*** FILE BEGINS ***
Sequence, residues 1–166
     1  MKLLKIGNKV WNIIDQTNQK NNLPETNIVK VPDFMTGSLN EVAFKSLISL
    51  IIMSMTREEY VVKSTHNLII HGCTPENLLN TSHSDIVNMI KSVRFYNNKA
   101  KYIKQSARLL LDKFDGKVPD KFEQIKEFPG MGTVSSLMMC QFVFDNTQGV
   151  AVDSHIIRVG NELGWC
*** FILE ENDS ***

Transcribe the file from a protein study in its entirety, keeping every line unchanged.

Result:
Sequence, residues 1–166
     1  MKLLKIGNKV WNIIDQTNQK NNLPETNIVK VPDFMTGSLN EVAFKSLISL
    51  IIMSMTREEY VVKSTHNLII HGCTPENLLN TSHSDIVNMI KSVRFYNNKA
   101  KYIKQSARLL LDKFDGKVPD KFEQIKEFPG MGTVSSLMMC QFVFDNTQGV
   151  AVDSHIIRVG NELGWC